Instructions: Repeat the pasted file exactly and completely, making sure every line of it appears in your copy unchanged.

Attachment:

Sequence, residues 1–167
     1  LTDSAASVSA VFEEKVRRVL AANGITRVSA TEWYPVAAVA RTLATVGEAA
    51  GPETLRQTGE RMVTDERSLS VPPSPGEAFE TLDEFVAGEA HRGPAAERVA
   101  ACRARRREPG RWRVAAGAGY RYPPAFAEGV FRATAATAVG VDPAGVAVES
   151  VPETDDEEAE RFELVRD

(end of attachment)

Sequence, residues 1–167
     1  LTDSAASVSA VFEEKVRRVL AANGITRVSA TEWYPVAAVA RTLATVGEAA
    51  GPETLRQTGE RMVTDERSLS VPPSPGEAFE TLDEFVAGEA HRGPAAERVA
   101  ACRARRREPG RWRVAAGAGY RYPPAFAEGV FRATAATAVG VDPAGVAVES
   151  VPETDDEEAE RFELVRD